9. Nicaragua

Nicaragua has had good relations with Moscow, especially during the civil war when Washington supported the Contras, militia fighting the Sandinistas in 1980’s. That’s when the Soviets provided the government with helicopters and ammunition to fight the rebels.  The ties cooled after change of government in 1990. The relations were revitalized after Sandinista leader Daniel Ortega took office in 2006. Under Ortega, Managua was second in recognizing Russia-backed breakaway territories of South Ossetia and Abkhazia, de-jure belonging to Georgia. As a reward, Russia provided financial aid to Nicaragua and expanded its diplomatic ties with Central American nation. In December 2008, Russian navy sailed to Nicaraguan at the invitation of President Ortega and Russian media agencies claimed Nicaragua was one of the countries ready to host Russian navy on its territories. However, at the insistence of the opposition, the Russian warships left due to the fact that approval of the naval visit had to be confirmed by the parliament first as it breached the constitution of Nicaragua.

10. Belarus

Need I say more? Belarus has close cultural links to Russia and its leader Alexander Lukashenko remains openly anti-American in his rhetoric. Washington has repeatedly accused the Lukashenko government of human rights abuse and even possible hiding of Saddam Hussein during the Operation Iraqi Freedom which turned out to be a false allegation. It has also disapproved Lukashenko’s grip of power and manipulation of elections processes in the country. The bilateral relations worsened further with 2004 Belarus Democracy Act, signed into law by President George W. Bush which restricted any non-humanitarian aid to the country and extended help to the opposition. It also put the country on the watch list requesting the intelligence community to watch out for any sale of arms by Belarus to the countries harboring terrorism. The measure was not taken lightly and Lukashenko accused the U.S. government of intervention in private matters of Belarus. The current UN General Assembly vote was a good chance to amplify its anti-American rhetoric and side with Russia. As a result, what really suffered were the bilateral Ukrainian-Belarus relations. Ironically, in the past few days, Belorussians in Russia’s Smolensk region launched their own campaign to secede and join Belarus.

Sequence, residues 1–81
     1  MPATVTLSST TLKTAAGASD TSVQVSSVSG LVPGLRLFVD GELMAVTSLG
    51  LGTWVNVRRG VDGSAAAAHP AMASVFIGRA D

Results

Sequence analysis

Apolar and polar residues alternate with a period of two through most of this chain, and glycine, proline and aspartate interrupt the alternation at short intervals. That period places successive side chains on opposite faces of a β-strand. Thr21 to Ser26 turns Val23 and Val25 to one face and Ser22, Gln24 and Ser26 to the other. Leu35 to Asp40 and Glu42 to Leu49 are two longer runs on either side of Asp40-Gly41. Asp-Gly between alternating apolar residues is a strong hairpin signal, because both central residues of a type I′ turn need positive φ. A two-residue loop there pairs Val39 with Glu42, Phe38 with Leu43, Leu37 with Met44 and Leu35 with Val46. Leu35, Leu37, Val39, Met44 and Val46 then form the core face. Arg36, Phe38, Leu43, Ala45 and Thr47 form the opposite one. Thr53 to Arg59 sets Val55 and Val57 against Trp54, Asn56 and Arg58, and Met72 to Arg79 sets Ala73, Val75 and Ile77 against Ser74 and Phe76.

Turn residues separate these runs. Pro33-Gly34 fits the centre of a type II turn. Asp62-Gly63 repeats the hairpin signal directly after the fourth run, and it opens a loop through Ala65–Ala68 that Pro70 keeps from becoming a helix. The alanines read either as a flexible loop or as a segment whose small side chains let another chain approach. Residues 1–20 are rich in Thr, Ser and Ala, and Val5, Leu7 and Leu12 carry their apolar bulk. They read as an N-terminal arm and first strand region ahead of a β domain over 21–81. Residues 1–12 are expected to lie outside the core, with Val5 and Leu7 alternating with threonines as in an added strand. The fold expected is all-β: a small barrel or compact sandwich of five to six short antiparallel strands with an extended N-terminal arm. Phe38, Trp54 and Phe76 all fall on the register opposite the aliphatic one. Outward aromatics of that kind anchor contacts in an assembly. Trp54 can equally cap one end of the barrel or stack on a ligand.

11. Armenia